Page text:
Case Study

Incredibly durable and stubbornly old-fashioned, cult favorite Globe-Trotter luggage is finally gaining the attention it deserves.

They say you can tell more about people from what they wear on their extremities—hats, shoes, watches, rings—than from the rest of their apparel. I'd add luggage to that list of foolproof taste indicators. The ordeal at airport baggage claims provides some fascinating sociological support for my theory. As the tide of near-identical luggage circles the carousel, swamped by shoals of gray Samsonite clamshells, the exceptions stand out all the more—from those plaid Third World plastic shopping bags to the logo-bedizened status symbols that scream "Steal me!" I often play a guessing game, matching luggage to owner, and usually win.

What do people make of my oddball suitcases? To the untutored eye they must look ancient—clunky aubergine boxes seemingly constructed from cardboard, riveted with black leather corner guards, and cinched shut with two black leather straps. Given the short life span of most luggage, they are definitely old. But after two decades, my Globe-Trotter cases are bound to deliver many more years of faithful service. The anachronistic straps are a godsend now that bags can't be locked for security reasons.

Back in the eighties I complained to a peripatetic photographer friend about the amount of money I spent each year to replace damaged luggage. He told me the only solution was Globe-Trotter, an obscure brand of English suitcases. "They are almost indestructible," he assured me.

Though skeptical, I tracked down Globe-Trotter on one of my frequent trips to London, where it proved difficult to locate. (Being a true New Yorker and thus averse to paying retail, I bought mine at a now-defunct discount dump at London's downscale Shepherds Bush Market.)

I wasn't unduly influenced by Globe-Trotter's coveted appointment from the queen. That merely signified that it wasn't trendy. Yet, considering the thrifty habits of the British royals, I trusted Globe-Trotter was worth the investment. (The 33-inch suitcase runs from $900 to $1,750.) I was right. Barring one bag that suffered a reparable puncture wound and locks needing replacement over the years, my redoubtable companions have survived a million-plus miles of travel.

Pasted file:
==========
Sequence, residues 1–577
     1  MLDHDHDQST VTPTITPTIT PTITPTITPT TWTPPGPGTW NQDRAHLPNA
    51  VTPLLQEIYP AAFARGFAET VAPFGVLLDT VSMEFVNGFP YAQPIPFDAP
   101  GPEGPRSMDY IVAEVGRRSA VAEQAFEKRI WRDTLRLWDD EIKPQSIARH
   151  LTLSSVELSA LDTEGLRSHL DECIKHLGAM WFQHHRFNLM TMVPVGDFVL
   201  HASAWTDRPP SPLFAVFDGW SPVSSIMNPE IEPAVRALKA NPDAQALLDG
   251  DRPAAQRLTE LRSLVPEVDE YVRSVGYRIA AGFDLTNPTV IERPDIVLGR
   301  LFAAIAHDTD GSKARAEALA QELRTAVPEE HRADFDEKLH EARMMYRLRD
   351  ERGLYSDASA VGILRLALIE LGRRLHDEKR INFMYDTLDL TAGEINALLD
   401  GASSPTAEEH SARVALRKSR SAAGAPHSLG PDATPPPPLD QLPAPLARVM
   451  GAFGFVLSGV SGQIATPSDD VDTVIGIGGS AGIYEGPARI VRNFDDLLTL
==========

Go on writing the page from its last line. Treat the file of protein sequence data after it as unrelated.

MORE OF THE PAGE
Founded in 1897 in Germany's Saxony region, Globe-Trotter moved to England within four years and is now based in the Hertfordshire town of Broxbourne, where its products are still painstakingly made by hand. From the outset, the company used one of those ingenious 19th-century synthetics that plastics later rendered obsolete: 16-ply heat-treated fiberboard, a material lighter and stronger than the leather over wood or buckram typical of upscale baggage. Globe-Trotter's closely guarded formula has more than passed the test of time. Unlike today's high-performance suitcase materials—Kevlar, titanium, and other body-armor equivalents—the secret behind Globe-Trotter's astounding durability is both low-tech and premodern.

As the firm's centenary and the end of the millennium neared, Globe-Trotter seemed to fade into obscurity. The valises became even harder to find and several London luggage dealers gave up on them. First Charles and Di, I thought, and now this!

Thankfully, a new management team took over in 2000 and revitalized the faltering brand. The target of its clever marketing plan was the luxury-mad Japanese. "Everyone in Japan already had Louis Vuitton," says Jane Ronge, Globe-Trotter's business development manager. "We gave them something different. We're huge there." Besides reintroducing its classics, the company launched several striking new lines, including the best-selling Safari collection in ivory, the royal-blue Cruise series, and the Orient range, lacquered to mimic brown patent leather.

With the Japanese tail now wagging the English dog, Globe-Trotter's first London retail outlet opened in Mayfair's venerable Burlington Arcade last fall, two years after the debut of the original boutique in Tokyo. My advice for Globe-Trotter executives is to keep one Wellington-shod foot planted firmly in the company's proud past. Those Ginza girls can be fickle, but England's Sloane Rangers and their preppy American cousins are forever.

Luggage, $300-$1,750. Globe-Trotter, 54-55 Burlington Arcade, London; 44-207/529-5954;